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How can I be intentional about building an inclusive learning environment?
august 11, 2020
As fresh faces enter classrooms this year, teachers have a brand-new opportunity to make a positive impact on the children trusted to their care. And while teaching the academic standards will always help prepare students for college and careers, intentionally fostering an inclusive classroom environment can have even greater implications.
A key component in creating a classroom where every student feels welcome and valued is representation. Even the most homogeneous classrooms represent a range of cultures and life experiences. If you want to be intentional about building an inclusive classroom, find ways to recognize and honor these differences.
Provide windows and mirrors
One away to achieve representation in the classroom is with text selection. The texts that we have available in the classroom need to honor “mirror” and “window” experiences.
Mirror texts are those that are highly relatable to a reader. He can see himself and his own life experiences represented within the character, setting, or plot. If the texts that are being used day in and day out don’t ever feel relatable to a student, the burden is on the child to stay engaged. When teachers cycle through texts that mirror the lives of individual students, ownership in learning naturally improves.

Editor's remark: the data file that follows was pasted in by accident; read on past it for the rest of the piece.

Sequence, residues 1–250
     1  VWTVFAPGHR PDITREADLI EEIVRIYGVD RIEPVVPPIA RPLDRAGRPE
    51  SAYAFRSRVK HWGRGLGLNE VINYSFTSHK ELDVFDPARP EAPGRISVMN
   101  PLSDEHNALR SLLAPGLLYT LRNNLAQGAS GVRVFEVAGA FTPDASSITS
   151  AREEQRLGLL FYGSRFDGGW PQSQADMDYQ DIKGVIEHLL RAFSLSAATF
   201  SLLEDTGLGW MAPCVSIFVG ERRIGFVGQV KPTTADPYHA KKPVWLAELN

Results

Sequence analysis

Window texts expose readers to people, places, and practices that they would otherwise never know about. In culturally diverse classrooms, as teachers are intentional about offering “mirror” texts to represent some students, the result will be “window” moments for other students. In less diverse classrooms, a carefully planned lineup of window texts can go a long way to honor people who are different than the kids on the class roster.
There are lots of texts that could be used to represent mirrors or windows. During the 2019 Literacy Retreat, Kristina Smekens shared a helpful list of recommendations for texts at every level. Beyond those recommendations, the books listed below are particularly good at addressing culture, race, and ability.
Who Will You Be? By Andrea Pippen
This picture book addresses cultural differences and the notion that we all are a compilation of the people who came before us.
The Day You Begin – By Jacqueline Woodson
This picture book captures the feelings of what it’s like to be an outsider because you look different.